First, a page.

As for "anonymous": I think that sexual jealousy is a natural human reaction. (Even in cultures where polygynous marriages are legal and accepted, they are often rife with tensions among the wives.) Some relationships may be free of it. Most of the accounts I have seen of the polyamorous lifestyle suggest (even when they're meant to be positive) that there are a lot of hidden tensions, and a lot of people in chronic denial.

Since I'm discussing polyamory, I have to a disclosure to make. No, not about my personal life. In my other life in the Xena: Warrior Princess fandom, I am the author of a fan fiction novel (which I actually hope to adapt into an original novel one of these days) dealing with a non-monogamous relationship in which a woman is simultaneously involved with a man and a woman, both of whom, in different ways, she deeply loves. At the end, they settle into a menage a trois. However, I don't see my novel as an endorsement of polyamory. For the duration of the novel, my characters' unorthodox sexual arrangement causes all three of them considerable emotional agony (though a friend of mine did say that you can only have limited sympathy for people who are having that much sex). At the end, they find a kind of peace when the heroine's two lovers accept each other's presence and, to a degree, bond sexually as well; but I intended this seeming "happy ending" to be rife with ambiguity and even a bit of tragedy, since both of them are settling for something other than what they really want (the undivided affection of their beloved).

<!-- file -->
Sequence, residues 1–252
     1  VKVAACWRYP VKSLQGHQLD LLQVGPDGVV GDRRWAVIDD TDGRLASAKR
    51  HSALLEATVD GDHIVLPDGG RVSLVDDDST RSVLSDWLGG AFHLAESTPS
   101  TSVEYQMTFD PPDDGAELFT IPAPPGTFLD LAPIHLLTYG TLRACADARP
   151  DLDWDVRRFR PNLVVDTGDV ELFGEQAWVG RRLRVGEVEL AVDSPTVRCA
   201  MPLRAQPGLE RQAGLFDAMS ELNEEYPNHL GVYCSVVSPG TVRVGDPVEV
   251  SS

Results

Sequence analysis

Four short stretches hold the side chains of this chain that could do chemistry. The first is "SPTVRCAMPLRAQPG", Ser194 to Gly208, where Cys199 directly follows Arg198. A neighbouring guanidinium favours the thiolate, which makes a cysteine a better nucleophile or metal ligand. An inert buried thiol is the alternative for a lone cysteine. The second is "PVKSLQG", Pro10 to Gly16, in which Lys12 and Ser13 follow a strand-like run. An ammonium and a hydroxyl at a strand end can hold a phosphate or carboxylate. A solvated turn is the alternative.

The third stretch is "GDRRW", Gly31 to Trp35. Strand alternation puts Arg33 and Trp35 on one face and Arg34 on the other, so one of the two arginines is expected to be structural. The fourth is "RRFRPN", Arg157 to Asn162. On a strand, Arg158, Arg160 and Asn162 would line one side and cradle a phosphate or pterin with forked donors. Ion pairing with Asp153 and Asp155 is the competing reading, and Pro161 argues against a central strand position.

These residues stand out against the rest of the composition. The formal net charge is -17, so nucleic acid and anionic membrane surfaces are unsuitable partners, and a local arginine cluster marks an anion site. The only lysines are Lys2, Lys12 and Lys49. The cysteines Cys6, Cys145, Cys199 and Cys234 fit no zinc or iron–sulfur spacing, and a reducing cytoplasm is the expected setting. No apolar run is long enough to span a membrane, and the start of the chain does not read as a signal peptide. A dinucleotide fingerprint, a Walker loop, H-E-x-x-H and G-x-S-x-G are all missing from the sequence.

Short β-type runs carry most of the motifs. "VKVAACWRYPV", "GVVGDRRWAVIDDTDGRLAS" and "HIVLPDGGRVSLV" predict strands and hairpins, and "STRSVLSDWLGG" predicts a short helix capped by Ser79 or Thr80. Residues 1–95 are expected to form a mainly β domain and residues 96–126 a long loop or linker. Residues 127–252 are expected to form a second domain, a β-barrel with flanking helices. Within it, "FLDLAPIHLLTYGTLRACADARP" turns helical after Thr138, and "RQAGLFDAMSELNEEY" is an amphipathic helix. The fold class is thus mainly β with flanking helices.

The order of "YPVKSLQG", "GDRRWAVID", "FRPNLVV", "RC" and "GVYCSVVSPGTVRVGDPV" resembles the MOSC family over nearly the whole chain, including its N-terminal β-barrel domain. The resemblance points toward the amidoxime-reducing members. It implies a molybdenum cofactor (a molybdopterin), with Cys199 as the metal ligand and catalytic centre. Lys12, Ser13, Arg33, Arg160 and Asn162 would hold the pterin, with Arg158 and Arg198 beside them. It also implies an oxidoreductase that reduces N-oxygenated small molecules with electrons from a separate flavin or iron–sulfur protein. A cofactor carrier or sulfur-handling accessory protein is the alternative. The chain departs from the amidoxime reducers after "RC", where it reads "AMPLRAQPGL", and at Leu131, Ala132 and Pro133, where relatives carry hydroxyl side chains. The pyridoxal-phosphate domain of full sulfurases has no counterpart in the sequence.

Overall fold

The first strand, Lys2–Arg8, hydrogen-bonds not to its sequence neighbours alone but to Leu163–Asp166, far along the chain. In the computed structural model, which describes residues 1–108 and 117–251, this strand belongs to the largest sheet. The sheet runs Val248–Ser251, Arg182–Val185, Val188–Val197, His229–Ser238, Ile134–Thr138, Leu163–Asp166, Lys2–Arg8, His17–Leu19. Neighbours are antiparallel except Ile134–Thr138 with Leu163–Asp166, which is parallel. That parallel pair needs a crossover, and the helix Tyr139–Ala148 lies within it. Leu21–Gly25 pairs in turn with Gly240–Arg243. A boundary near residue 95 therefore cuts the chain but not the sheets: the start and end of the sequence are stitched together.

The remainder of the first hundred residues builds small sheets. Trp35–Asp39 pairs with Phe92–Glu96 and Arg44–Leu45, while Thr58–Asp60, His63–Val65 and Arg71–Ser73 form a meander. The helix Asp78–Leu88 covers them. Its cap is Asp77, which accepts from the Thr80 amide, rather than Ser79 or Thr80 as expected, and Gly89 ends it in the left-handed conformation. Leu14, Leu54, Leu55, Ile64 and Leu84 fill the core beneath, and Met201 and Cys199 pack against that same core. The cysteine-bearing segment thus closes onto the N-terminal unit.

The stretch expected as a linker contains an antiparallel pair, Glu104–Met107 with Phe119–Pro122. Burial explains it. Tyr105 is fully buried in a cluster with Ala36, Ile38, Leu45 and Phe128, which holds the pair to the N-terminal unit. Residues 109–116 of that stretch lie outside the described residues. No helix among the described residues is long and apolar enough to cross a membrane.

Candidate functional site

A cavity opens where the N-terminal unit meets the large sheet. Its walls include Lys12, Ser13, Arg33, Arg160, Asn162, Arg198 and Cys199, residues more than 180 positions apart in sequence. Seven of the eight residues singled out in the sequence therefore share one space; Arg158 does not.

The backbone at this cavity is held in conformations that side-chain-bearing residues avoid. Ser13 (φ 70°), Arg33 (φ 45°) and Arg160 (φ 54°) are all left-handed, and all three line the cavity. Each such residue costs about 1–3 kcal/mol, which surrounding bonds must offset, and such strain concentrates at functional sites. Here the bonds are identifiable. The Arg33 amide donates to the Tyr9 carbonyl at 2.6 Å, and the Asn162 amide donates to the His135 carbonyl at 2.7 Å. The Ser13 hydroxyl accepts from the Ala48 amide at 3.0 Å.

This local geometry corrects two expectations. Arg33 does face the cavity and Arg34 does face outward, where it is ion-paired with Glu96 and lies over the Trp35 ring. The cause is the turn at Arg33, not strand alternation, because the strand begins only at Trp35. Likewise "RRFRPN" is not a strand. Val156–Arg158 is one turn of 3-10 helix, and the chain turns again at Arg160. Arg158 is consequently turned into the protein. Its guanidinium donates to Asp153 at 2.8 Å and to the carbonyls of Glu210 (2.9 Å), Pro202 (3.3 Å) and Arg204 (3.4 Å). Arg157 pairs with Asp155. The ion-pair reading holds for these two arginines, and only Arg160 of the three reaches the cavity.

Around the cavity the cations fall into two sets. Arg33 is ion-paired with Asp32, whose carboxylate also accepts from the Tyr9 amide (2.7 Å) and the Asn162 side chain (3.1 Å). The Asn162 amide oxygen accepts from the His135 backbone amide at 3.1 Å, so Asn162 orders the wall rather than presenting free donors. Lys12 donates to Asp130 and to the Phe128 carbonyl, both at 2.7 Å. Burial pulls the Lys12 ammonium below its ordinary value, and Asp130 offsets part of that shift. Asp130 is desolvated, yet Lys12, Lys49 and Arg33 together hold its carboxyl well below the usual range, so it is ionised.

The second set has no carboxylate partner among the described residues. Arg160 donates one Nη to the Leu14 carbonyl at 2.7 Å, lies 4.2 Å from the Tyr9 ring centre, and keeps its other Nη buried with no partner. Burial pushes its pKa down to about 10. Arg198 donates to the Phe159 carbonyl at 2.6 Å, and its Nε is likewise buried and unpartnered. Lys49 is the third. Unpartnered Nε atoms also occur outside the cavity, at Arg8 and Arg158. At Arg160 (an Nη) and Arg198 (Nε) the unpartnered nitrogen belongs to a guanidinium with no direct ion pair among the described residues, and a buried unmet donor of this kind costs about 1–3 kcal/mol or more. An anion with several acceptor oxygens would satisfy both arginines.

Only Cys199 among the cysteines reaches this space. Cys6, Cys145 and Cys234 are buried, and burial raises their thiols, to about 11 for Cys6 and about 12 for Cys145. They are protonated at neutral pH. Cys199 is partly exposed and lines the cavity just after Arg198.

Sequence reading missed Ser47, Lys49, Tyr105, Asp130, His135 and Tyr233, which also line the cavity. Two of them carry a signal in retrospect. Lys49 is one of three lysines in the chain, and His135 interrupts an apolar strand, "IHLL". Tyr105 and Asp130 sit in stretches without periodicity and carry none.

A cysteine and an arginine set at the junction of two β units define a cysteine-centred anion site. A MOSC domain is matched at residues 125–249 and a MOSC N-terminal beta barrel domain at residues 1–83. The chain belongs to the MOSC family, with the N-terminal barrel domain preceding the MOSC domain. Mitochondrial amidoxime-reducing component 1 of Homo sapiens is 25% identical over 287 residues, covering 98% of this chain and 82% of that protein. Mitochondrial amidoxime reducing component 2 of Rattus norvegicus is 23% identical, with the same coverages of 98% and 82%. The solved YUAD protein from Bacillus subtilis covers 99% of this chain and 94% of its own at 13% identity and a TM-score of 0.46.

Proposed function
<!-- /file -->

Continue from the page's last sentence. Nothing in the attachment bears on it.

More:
It's an arrangement that can work for some people. I bear them no ill will, and have no desire to persecute them. But I think that they should keep a discreet profile, and that monogamy should definitely remain the cultural ideal.

mythago said...

Found you by way of Alas, A Blog.

But I think that they should keep a discreet profile

Er, you do realize that this is the same argument used to suggest that gays, bisexuals and lesbians shut up and stop agitating for things like marriage? Of course polyamory will never be mainstream--that's fine. I admit I am not following revenant's argument that it's morally inferior to cheating.

I think most of the points in your original post are sound, but I winced when you said that heterosexuality is biologically normative; there really isn't much evidence for that, especially when you look at primates.

The Navigator said...

Cathy,
I think you're absolutely right that
"this is to a large extent a matter of culture, not biology"
and anonymous is absolutely right that
"gays are slightly less hypocritical when it comes to their desires, partially because their culture isn't bound by the same puritanical norms straight culture is (for good or for bad).
So, if in the end the behavior of straights and gays in long-term relationships is similar, there's really nothing left except the fears and bigotry of SSM opponents
"
Now, you've made clear that you're on the fence on SSM, but it seems to me that this discussion has revealed that your partial urge to oppose SSM arises - not from bigotry, to be sure - but from fear, as anonymous says. Except that the fear is about what [some] gays will say, not what they'll do, since we've granted that straights do it too, and the observed differences stem primarily from culture, not biology.

In other words, you're open to the possibility of denying equal marriage rights to gays because of what they'll say about marriage - they're more likely, in your view, to advocate for open marriages by word and by visual example, and that's bad for society in your view, so perhaps we shouldn't let them marry because then they'd be in a better position to influence straight people's view of marriage...